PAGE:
- Half of Scots over 55 are saving to go travelling in the next 1-2 years
- Almost 2 in 5 Scots over 55 are saving for a specific item or purchase
- Only 2% of Scots aged between 45-54 are saving to leave money behind for their family
Saving for a break instead of the brood
More older people are saving money to go travelling than saving to leave money for their family according to the latest Bank of Scotland “How Scotland Lives” research.
Last year, Bank of Scotland found that 1 in 4 Scots over age 55 aspired to travel round the world in the next five years. And in 2017, the Bank has revealed that half of Scots over 55 are saving to go travelling in the next 1-2 years.
When asked to think about plans for saving for the short term, more Scots over 55 are saving to travel than saving to leave money behind for their family. Half (50%) of Scots aged over 55 are saving to go travelling, compared to just 13% who are saving in the short term to leave money for their family.
Only 2% of Scots aged between 45-54 admitted that they are saving in the short term to leave money behind for their family.
Something (not someone) special
As well as saving to travel, older Scots are saving to treat themselves too. Almost two in five (37%) of Scots over 55 are saving for a specific purchase and older Scots are saving to treat themselves instead of someone else. Less than a third of older Scots are saving to help out a family member should they need it and only 1 in 10 are saving to help pay for an event, such as a family wedding.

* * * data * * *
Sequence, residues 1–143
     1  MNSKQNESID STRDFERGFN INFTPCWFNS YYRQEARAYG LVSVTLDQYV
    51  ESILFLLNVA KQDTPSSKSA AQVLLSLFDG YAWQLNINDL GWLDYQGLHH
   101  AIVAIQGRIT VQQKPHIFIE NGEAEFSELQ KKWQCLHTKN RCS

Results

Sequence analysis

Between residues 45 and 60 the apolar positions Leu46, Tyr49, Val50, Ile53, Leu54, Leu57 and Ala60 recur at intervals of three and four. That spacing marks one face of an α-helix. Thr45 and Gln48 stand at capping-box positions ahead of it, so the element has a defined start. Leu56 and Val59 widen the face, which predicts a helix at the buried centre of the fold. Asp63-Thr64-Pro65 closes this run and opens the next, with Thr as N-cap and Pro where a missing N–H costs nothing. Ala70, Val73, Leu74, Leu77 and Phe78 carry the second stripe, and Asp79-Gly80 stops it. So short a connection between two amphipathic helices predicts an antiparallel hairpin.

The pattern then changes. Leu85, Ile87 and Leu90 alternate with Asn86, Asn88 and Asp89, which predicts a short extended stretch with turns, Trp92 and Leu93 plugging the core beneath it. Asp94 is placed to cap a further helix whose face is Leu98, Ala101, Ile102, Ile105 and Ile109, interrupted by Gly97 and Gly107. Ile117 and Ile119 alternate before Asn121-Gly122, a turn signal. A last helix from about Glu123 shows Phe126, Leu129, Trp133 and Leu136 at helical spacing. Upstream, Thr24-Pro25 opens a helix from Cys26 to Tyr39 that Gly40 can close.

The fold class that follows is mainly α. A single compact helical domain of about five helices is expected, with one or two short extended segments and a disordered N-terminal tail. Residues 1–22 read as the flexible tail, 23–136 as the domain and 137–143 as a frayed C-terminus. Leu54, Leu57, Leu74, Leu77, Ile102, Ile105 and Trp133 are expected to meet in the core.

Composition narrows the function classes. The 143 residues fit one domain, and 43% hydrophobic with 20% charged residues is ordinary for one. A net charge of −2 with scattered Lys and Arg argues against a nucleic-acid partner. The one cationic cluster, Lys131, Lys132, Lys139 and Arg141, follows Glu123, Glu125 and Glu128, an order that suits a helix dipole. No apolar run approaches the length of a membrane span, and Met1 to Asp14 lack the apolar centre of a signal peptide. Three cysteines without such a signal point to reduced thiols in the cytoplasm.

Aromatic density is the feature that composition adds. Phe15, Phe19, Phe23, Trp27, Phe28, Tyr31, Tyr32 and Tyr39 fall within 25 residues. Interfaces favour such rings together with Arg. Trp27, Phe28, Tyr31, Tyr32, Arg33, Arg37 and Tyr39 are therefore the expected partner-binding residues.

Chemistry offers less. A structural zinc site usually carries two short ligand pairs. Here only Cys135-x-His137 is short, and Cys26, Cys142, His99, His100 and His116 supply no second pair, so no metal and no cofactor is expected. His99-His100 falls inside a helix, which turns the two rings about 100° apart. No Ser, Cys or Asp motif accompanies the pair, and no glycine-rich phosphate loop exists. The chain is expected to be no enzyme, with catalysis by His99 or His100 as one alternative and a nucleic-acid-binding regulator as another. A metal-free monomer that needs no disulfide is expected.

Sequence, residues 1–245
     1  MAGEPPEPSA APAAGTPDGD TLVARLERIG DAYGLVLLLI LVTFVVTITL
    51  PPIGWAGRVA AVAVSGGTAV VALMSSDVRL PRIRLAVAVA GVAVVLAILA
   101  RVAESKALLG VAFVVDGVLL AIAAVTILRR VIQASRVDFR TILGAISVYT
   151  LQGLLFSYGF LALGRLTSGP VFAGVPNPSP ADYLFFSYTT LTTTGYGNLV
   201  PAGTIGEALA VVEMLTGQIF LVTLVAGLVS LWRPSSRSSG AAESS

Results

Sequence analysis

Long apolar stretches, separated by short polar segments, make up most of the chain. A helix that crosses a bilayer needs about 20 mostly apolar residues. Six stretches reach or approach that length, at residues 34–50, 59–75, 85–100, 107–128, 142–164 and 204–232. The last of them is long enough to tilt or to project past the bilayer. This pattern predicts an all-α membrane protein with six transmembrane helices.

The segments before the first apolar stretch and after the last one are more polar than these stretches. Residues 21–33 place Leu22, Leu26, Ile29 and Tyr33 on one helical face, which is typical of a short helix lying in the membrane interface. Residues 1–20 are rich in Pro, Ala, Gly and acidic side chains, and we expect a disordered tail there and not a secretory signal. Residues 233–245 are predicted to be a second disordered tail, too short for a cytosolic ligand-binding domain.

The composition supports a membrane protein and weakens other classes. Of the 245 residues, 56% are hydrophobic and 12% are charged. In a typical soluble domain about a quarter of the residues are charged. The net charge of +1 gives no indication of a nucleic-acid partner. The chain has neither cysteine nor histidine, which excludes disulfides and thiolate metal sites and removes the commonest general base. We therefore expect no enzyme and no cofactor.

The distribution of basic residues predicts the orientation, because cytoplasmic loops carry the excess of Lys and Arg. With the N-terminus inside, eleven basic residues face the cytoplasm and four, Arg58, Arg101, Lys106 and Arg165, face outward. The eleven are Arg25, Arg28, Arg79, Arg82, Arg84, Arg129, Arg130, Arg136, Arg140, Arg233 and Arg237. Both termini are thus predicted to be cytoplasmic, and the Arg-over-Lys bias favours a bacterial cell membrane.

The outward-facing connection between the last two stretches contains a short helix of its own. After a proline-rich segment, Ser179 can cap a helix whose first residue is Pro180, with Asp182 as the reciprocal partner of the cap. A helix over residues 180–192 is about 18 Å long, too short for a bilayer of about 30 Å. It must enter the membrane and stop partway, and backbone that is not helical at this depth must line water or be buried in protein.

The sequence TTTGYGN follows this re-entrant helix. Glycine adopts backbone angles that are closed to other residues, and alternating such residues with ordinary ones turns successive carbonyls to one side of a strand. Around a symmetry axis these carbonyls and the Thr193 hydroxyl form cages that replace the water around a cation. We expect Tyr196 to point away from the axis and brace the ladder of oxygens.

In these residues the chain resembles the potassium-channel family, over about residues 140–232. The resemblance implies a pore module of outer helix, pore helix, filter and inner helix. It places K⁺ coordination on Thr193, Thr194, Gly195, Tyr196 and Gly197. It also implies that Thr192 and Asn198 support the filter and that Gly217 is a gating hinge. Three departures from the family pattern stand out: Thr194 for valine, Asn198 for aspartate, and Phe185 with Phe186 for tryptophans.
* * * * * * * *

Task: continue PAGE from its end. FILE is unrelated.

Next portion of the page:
Older Scots still save for a rainy day
What’s clear is that older Scots are savvy savers with 3 in 5 (59%) putting some money away for an emergency. And they are five times more likely to plan for a rainy day than saving directly to pass money to their family as part of an inheritance.
With the percentage of the UK population over age 65 increasing from 14.1% to 17.8% between 1975 and 2015 (ONS March 2017), it’s no surprise that older people are saving up and using their money to enjoy themselves in later life.
Mike Moran, Director, Bank of Scotland, said: “With more people living longer, it’s encouraging to see that older Scots are putting their savings to good use in later life. Getting into the habit of saving a little each month can make the difference when it comes to treating yourself as you approach retirement but it’s good to see that older Scots are also focused on keeping some money back for a rainy day.”